and Brazil. These agreements were, in turn, the culmination of a preparatory
stage which had begun after the tripartite agreement on water resources
of October 1979 between Argentina, Brazil and Paraguay.
What led to the founding moments of Mercosur was, among other factors,
a shared understanding of the requirements that resulted from the changes
that were taking place in the global scenario after the end of the Cold
War and in the inter-American region following the launch by President
Bush of the idea of a hemispheric free trade area. Thanks to the abovementioned
tripartite agreement, there were no longer reasons for concern that there
could be a confrontation in the American south, with the ensuing economic
and political costs for each of the protagonists that could have resulted
from the collision course that had previously dominated the relationship
between Argentina and Brazil. Also, the challenges and opportunities coming
from the new economic and political global and regional environment could
be perceived. The context of those years was, therefore, one that compelled
towards joint action of complex and profound political and economic dimensions
and which aspired to have a wider geographic projection. A testimony of
this was the frustrated attempt for Chile to join in as a member country
and also the text of Article 20 of the Treaty of Asuncion.
Celebrating a quarter century of existence is a good opportunity to reflect
on the experience gained and on the options that open up for the future.
This seems to be more than necessary due to the fact that it is difficult
to deny that Mercosur faces a serious crisis of credibility. Mercosur
is, in this sense, at a crossroads that could lead to different and even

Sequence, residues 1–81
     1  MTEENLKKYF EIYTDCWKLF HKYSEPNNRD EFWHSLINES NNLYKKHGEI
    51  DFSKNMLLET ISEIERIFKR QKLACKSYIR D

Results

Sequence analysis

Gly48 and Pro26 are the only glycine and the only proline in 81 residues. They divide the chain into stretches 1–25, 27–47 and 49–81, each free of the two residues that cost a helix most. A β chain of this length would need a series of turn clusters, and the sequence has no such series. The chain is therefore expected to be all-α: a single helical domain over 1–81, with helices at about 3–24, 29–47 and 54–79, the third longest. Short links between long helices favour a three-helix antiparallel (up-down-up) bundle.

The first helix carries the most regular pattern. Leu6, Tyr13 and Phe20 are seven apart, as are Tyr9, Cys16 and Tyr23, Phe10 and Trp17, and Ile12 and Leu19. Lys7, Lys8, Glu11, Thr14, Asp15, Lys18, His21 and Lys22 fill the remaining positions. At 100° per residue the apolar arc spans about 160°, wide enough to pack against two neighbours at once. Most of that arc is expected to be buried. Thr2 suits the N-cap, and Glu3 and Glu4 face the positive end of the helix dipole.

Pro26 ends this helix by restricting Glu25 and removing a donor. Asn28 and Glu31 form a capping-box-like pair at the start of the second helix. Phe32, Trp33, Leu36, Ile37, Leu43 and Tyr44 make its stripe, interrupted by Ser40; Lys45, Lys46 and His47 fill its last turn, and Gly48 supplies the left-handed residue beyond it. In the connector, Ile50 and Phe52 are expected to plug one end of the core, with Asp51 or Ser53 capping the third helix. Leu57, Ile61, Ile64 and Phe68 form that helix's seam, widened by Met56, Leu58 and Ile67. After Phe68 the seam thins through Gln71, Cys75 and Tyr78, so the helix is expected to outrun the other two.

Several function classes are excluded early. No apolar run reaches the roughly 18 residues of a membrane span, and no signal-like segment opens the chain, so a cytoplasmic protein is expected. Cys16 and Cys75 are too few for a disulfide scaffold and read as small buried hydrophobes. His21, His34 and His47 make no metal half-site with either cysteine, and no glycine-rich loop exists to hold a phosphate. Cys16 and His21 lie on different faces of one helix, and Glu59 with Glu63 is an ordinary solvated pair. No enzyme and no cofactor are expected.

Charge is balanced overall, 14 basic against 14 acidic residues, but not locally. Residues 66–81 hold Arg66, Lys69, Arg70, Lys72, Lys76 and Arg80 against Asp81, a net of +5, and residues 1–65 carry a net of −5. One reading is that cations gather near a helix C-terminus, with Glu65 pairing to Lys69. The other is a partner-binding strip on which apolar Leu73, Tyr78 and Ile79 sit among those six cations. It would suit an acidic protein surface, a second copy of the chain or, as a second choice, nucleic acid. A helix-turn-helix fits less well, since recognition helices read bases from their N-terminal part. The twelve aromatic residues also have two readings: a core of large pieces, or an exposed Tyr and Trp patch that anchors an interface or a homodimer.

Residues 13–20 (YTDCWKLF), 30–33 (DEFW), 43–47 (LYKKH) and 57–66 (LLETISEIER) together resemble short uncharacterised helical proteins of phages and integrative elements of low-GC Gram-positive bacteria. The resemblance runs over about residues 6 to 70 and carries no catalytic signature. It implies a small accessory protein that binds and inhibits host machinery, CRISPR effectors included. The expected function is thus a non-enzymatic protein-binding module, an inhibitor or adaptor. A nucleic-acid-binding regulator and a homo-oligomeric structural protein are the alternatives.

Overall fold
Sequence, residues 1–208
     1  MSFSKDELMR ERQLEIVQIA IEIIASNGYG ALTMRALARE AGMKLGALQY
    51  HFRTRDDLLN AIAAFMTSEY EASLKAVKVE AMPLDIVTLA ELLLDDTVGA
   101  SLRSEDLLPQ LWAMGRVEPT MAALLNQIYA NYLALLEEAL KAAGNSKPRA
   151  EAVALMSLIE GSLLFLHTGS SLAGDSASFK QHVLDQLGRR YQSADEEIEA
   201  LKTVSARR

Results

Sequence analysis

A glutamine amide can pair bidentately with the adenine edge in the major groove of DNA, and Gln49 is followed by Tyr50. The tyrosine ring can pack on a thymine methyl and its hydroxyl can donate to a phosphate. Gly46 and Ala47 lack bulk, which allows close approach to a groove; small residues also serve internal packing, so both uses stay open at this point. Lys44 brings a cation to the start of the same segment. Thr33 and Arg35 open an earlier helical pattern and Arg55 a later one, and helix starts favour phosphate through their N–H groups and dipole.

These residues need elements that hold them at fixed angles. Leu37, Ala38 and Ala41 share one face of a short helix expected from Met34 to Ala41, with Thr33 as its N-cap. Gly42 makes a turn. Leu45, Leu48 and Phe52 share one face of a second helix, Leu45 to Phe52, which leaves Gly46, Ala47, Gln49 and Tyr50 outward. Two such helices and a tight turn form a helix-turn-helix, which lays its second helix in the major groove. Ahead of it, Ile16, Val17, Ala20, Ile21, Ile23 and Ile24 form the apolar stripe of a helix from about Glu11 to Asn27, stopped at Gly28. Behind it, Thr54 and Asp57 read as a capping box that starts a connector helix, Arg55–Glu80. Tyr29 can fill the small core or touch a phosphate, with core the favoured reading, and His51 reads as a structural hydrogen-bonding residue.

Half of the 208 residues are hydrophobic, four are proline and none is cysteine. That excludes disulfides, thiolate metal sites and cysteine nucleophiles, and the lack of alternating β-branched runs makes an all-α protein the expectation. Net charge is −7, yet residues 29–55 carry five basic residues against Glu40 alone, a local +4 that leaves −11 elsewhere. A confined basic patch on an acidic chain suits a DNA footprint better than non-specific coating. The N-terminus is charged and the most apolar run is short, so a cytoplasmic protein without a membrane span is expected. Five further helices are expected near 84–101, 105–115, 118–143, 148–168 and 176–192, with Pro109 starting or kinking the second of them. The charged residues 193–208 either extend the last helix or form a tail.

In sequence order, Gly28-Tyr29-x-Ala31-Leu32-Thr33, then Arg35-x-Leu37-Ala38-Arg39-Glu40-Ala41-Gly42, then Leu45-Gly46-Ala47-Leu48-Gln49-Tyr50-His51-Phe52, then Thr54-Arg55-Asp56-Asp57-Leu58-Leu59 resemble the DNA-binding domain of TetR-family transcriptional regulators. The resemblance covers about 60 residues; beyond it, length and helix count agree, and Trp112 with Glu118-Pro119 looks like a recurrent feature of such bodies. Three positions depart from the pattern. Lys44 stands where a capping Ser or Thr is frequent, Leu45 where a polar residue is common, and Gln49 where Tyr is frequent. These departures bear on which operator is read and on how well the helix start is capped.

opposite destinations. Among them certainly is the possibility of its
disappearance as a relevant framework for the development and the international
economic integration of its member countries or, at least, of some of
them. (See the May
2015 issue of this newsletter on http://www.felixpena.com.ar).
But it is also a necessary reflection because Mercosur countries must
deal, simultaneously and in the first half of the year, with at least
three fronts of negotiation and complex decision-making. One is precisely
on the adaptation of the methodology used for the integration of Mercosur
to the new global, regional and domestic realities of its different member
countries. This implies continuing with the momentum originated in the
recent Summit of Asuncion, thanks especially to the initiatives of Paraguay
and Uruguay. The other is related to the strategy of convergence in diversity
as a means to address economic integration in the broader context of Latin
America, especially through effective communicating vessels established
between the members of Mercosur and those of the Pacific Alliance. And